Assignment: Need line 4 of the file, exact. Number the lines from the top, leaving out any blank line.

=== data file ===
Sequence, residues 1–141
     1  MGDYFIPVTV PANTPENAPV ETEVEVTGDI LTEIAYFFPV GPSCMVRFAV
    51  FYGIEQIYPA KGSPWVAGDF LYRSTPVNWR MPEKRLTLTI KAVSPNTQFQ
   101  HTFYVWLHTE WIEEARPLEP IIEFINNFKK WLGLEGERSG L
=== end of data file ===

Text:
   101  HTFYVWLHTE WIEEARPLEP IIEFINNFKK WLGLEGERSG L